The hard part really isn’t the writing, it’s making that space in your life that says, “Writing is necessary today.” Besides, you’d be amazed that two pages a day can turn into 700 pages in a year. That’s two novels! When I’m editing, I can provide notes on about 20 pages an hour. In two weeks, even if I work one hour a day, I’ll have that whole novel edited. Or if I can only work 15 minutes (or 5 pages) a day on revising something, it’ll take me two months, but that novel will be done. That’s all that matters. Every day, you’re making progress.

The wheels of publishing turn very slowly. Six months to write a novel, in the grand scheme of things, is NOTHING. Two months to revise a novel, in the grand scheme of things, is NOTHING. They say, “The best time to plant a tree is 20 years ago, the second best time is today.” You could commit to 15 minutes/two pages/whatever a day, and in six months, you’ll be a hell of a lot farther than you are today.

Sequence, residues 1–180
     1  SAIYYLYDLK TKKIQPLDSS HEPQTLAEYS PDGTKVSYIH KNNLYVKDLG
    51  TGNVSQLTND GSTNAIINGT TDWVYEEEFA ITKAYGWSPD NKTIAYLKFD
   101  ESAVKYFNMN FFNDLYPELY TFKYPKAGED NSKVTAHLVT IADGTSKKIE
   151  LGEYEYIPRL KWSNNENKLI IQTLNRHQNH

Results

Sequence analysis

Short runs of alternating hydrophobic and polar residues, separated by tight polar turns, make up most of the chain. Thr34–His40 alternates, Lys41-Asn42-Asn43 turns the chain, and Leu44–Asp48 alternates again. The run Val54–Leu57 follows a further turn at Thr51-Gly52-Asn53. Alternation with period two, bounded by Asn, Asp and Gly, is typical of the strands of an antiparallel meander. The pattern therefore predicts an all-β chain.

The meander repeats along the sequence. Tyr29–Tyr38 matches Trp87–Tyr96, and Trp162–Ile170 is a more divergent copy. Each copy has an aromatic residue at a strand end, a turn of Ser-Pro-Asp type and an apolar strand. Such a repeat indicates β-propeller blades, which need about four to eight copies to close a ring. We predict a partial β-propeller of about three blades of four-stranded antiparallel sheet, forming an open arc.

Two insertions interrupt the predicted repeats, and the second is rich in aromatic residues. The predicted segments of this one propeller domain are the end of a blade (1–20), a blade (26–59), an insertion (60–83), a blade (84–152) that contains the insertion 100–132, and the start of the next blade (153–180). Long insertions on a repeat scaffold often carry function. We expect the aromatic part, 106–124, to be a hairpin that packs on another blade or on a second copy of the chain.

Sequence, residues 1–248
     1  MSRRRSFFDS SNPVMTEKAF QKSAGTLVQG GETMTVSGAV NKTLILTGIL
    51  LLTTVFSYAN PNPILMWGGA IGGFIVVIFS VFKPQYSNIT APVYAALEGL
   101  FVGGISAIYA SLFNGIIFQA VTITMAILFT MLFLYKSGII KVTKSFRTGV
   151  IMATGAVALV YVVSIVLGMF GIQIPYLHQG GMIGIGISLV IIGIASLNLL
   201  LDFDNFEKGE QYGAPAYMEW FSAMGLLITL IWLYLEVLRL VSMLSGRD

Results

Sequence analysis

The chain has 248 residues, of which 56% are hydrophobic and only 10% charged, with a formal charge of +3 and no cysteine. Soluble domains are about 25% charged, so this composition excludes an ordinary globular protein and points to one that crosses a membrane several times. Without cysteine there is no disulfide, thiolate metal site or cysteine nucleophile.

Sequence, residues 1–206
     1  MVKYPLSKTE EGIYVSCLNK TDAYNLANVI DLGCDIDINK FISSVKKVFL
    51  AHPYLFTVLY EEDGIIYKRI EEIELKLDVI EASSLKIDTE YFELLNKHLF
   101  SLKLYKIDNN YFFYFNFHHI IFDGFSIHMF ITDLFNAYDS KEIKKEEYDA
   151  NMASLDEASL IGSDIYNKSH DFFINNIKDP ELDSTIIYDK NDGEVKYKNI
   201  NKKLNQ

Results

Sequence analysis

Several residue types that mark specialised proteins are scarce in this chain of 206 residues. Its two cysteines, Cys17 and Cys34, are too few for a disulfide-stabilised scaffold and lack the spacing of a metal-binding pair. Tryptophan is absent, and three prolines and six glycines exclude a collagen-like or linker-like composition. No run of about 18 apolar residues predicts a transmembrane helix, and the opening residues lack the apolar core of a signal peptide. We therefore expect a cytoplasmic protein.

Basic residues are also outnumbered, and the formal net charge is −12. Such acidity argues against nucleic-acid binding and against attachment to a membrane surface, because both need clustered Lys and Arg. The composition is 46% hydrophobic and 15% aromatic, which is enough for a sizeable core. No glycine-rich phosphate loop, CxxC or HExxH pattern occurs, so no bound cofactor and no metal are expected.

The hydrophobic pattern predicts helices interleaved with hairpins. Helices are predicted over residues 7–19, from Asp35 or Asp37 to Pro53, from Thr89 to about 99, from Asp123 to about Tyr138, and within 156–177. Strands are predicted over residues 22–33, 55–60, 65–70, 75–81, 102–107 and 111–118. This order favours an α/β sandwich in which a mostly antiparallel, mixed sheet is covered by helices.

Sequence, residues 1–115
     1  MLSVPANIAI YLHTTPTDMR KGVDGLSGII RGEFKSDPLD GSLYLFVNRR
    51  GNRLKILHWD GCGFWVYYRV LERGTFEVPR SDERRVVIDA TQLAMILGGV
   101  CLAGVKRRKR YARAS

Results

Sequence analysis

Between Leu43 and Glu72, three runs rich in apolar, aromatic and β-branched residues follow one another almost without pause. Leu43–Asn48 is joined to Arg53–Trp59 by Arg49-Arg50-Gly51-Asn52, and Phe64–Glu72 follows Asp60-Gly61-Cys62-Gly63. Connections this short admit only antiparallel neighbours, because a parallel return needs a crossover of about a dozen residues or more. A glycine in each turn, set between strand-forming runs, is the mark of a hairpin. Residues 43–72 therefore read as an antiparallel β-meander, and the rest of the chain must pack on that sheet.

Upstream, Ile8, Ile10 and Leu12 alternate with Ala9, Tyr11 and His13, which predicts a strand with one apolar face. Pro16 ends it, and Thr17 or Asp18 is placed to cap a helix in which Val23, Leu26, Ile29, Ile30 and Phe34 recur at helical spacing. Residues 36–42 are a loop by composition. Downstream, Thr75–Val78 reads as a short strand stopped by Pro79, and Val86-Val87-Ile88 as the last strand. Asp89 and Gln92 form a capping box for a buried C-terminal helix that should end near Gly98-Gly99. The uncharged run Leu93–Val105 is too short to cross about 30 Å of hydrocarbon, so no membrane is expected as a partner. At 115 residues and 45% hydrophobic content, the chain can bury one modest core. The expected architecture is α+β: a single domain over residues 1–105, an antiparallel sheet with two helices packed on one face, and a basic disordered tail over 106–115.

Or you could agonize about how you never have time to do anything and two pages doesn’t really seem like a lot and you’ve got analysis paralysis, etc. etc. etc.

So don’t worry about what the balance part will consist of once you’re actually working. Where you want to put your energy is making that work mandatory, and getting to the working place every day.

Wondering what to do with the results of your daily writing practice? Hire me as your developmental editor and I can give you actionable, motivating revision advice.

How Long Does It Take to Publish a Book? The Process Explained